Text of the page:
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France's Jay Alansky on Madness, Energy & Hating America

Author: Jonty Adderley
Monday, 14 April 2003
In France, everybody is very anti-American, we hate America, though I don't. It's not fair because American culture is very interesting and fascinating to me. But people are very blinded by all this hatred, so it's very difficult for them to have a proper view. People talk too much about things they don't know about."

Just as he finds himself going against the flow politically, France's Jay Alansky is a man who pursues his own musical vision without compromise and it's a stance that has taken him close if nor over the edge, on occasion. His brand new (and excellent) album Les Yeux Creve is just the latest chapter of his singular vision, representing the blindness he sees in people's perceptions.

"Les Yeux Creve means you have a knife in your eyes, so you're completely blind, it's a very violent image," he told Skrufff's Jonty Adderley.

"I was obsessed with spontaneity on this album and I started with the title, and at that moment in my life I was going through a very difficult situation, I was almost blinded, I didn't see the reality around me properly. That's why the album could be considered a little bit dark."

While the album is indeed impressively sombre, it's equally accomplished and enjoyable, mixing and matching downtempo, Balearic style moods with Leonard Cohen type lyrics and distinctive, proper songs. Alansky, in fact, has a rich heritage of albums and projects behind him including his housier album A Reminiscent Drive and Ambrosia, both created without samples and without computers. For Les Yeux Creve, though, he returned to his machines.

"I wanted to be able to record a track in two or three hours. I listened to a lot of the ideas I already had in my computer and began to edit them, to try and build tracks on small details."

Skrufff (Jonty Adderley): Where do you believe your musical creativity comes from-

Jay Alansky: "It's always the same, like a magic process, the music comes through me as if it's from another world. It's always a very mystical, spiritual process. On previous projects, I had to stop the process because the machines I was using were too complicated so this time I didn't want anything to stop me in that way. I wanted to be completely connected to my feelings and my brain, and my emotional side."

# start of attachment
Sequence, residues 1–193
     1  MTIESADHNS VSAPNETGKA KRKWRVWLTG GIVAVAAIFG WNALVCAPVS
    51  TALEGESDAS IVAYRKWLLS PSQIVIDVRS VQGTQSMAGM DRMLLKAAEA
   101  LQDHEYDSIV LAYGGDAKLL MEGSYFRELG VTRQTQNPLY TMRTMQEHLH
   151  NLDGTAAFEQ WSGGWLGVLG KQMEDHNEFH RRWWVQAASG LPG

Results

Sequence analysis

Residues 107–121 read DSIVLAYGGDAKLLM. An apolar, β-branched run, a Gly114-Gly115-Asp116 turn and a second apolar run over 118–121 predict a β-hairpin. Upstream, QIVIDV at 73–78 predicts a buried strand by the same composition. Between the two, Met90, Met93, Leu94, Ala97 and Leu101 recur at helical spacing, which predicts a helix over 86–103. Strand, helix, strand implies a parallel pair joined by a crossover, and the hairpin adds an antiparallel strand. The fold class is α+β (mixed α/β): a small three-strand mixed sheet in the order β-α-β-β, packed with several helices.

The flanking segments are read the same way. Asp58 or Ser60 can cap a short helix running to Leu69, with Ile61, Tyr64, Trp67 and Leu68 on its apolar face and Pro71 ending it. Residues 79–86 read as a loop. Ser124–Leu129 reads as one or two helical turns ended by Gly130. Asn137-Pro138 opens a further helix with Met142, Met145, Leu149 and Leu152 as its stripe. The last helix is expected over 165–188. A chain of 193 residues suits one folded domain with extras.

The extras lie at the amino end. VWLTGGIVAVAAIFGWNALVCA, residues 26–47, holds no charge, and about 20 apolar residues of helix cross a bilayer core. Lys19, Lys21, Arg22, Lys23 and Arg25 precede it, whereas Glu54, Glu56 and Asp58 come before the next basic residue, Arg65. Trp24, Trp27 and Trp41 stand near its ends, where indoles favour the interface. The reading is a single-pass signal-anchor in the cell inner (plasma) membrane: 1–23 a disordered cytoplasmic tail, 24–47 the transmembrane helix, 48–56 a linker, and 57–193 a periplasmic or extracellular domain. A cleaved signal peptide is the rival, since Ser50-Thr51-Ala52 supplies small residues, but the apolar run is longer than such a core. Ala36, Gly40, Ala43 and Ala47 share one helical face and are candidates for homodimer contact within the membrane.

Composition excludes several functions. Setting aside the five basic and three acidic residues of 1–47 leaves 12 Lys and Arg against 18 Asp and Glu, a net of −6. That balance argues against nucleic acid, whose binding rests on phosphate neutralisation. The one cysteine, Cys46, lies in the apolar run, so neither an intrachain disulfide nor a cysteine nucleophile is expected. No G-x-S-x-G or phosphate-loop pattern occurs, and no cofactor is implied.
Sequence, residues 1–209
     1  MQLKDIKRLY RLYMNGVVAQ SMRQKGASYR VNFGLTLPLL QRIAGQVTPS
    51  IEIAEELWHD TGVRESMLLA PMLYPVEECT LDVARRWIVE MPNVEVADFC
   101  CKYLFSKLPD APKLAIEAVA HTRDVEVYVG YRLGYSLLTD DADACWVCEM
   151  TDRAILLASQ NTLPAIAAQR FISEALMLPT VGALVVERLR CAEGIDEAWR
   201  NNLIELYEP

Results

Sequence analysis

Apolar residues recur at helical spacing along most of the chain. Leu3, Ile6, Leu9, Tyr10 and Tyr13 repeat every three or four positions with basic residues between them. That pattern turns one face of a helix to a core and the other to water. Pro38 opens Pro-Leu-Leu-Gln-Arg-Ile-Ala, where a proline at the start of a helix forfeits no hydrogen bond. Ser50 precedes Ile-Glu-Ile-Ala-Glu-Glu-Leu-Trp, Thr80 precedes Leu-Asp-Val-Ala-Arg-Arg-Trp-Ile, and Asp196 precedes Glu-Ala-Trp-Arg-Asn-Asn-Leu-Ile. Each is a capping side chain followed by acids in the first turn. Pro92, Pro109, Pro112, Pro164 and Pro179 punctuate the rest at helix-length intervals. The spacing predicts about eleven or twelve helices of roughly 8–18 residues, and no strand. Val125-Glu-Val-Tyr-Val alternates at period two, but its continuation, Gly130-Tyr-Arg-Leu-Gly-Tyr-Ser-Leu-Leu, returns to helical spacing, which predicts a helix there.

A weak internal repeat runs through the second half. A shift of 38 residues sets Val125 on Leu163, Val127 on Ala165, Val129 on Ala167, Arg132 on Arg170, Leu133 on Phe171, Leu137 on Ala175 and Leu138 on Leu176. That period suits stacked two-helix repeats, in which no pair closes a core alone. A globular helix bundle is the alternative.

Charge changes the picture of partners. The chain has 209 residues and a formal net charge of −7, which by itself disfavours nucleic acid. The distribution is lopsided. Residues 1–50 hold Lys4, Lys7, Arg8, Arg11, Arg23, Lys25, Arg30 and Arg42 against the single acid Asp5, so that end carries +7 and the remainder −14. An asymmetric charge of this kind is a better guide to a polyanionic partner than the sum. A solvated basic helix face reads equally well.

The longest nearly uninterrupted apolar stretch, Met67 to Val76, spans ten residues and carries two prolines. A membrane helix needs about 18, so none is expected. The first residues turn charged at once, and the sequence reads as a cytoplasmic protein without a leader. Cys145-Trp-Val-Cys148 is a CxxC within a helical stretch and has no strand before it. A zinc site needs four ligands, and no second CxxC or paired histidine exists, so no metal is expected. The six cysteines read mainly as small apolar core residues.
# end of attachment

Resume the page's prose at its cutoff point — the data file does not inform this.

Skrufff: Are you visualising certain audiences when you're creating music-

Jay Alansky: "I don't think about that anymore, not at all, I don't care. In France lots of people used to be in the underground until five or six years ago and now they're in the mainstream and it seems that their only purpose is to get on the radio or on MTV. For me, it's not about those things, if they happen, great, but it's not my aim. For me art and music is about a self-discovery process, it's like a mirror. And sometimes looking in a mirror is hard, you can be very aware of the state you're in. The point is not about making money or having a commercial hit."

Skrufff: I understand one of your great influences is Phil Spector, what do you make of his arrest for murder-

Jay Alansky: "I don't know the story, I'm a big fan of him, yes. He's a crazy guy. I'm also a big fan of Leonard Cohen and I remember reading an interview with Leonard in which he said he'd been threatened with a gun, but he's a genius; a crazy genius."

Skrufff: Do you believe in a link between creativity and madness-

Jay Alansky: "Yeah, definitely. It's happened sometimes that I've become very crazy trying to express something deep inside of me. Madness is an energy as is creation and sometimes there is a very thin line between being wise and mad. It's an obsession for me, to be honest, for example, to be humble and honest is vital, to stick to the reality of myself is the only way to free myself from all my demons. Phil Spector is a guy like that and he's so obsessed with sound and perfection and his place in the world, so I can certainly imagine he became completely mad."

Skrufff: Wher
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